Differences between tangential geostrophy and columnar flow | INSTITUT DE PHYSIQUE DU GLOBE DE PARIS

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  Differences between tangential geostrophy and columnar flow

Type de publication:

Journal Article

Source:

Geophysical Journal International, Volume 194, Ticket 1, p.145-157 (2013)

ISBN:

0956-540X

URL:

http://gji.oxfordjournals.org/content/194/1/145

Mots-clés:

UMR 7154 ; Géomagnétisme ; Inverse theory ; Dynamo: theories and simulations ; Geomagnetic induction ; Rapid time variations ; Satellite magnetics

Résumé:

Core flows inverted from time-dependent geomagnetic field models image the geodynamo at the top of its generation region, the Earth’s outer core. Physical assumptions incorporated in these inversions affect the resulting flows. Based on rapid rotation dominance, two assumptions similar in form yet different in essence have been proposed: tangential geostrophy (TG, LeMouël 1984) and columnar flow (CF, Amit & Olson 2004). We recall that CF is theoretically consistent with the quasi-geostrophy (QG) theory for an incompressible fluid with spherical solid boundaries whereas TG is not. As such, we highlight the importance of applying the CF assumption when inverting geomagnetic data for interior core (columnar) flows that can be used in kinematic dynamo and thermal convection models in the Boussinesq approximation. Next we evaluate the non-uniqueness associated with CF flows. The areas of ambiguous patches at the core surface where invisible TG or CF flows reside are roughly comparable. The spatial distribution of ambiguous patches for both TG and CF is quite asymmetric about the equator, so assuming equatorial symmetry is expected to reduce the non-uniqueness significantly. In fact, for assumed equatorial symmetry, the only possible non-unique flows will be those along hypothetical ζ-contours in the opposite hemispheres that their equatorial plane projections are parallel. TG flows exhibit a strong Atlantic/Pacific hemispheric dichotomy and a well-defined eccentric gyre whereas in CF flows the dichotomy between these two hemispheres is weaker and the gyre is less clear suggesting that the eccentric gyre might not conserve mass. Both TG and CF upwelling/downwelling patterns are strongly localized in the equatorial region. In addition, in both cases upwelling/downwelling is correlated with equatorward/poleward flow respectively, as expected for QG convection. CF upwelling is more intense than TG upwelling but the magnitude ratio is smaller than the factor 2 distinguishing the analytical expressions of the two assumptions. This smaller magnitude ratio is due to the fact that presently observed geomagnetic secular variation features are mostly explained by magnetic field advection by toroidal core flow in the frozen-flux approximation. Robust upwelling features below India/Indonesia may be viewed as geomagnetic evidence for whole core convection.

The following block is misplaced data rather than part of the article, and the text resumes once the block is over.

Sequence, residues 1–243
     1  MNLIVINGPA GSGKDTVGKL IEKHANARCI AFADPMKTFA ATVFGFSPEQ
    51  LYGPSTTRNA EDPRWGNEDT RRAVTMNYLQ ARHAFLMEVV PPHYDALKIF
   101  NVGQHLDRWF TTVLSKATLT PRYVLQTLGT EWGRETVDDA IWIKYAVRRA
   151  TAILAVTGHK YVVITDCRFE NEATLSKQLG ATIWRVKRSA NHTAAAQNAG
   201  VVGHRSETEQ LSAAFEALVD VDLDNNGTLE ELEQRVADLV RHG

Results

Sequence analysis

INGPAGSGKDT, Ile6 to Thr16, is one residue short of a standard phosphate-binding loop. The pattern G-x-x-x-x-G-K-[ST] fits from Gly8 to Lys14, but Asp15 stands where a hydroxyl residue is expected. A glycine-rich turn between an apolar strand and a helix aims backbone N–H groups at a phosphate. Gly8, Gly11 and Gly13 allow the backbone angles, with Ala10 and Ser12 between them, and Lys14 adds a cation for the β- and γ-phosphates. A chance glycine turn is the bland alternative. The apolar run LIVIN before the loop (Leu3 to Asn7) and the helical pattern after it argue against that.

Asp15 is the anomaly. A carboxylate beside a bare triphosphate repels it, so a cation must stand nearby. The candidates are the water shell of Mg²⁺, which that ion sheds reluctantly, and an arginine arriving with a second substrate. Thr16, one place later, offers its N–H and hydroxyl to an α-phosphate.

Notes:

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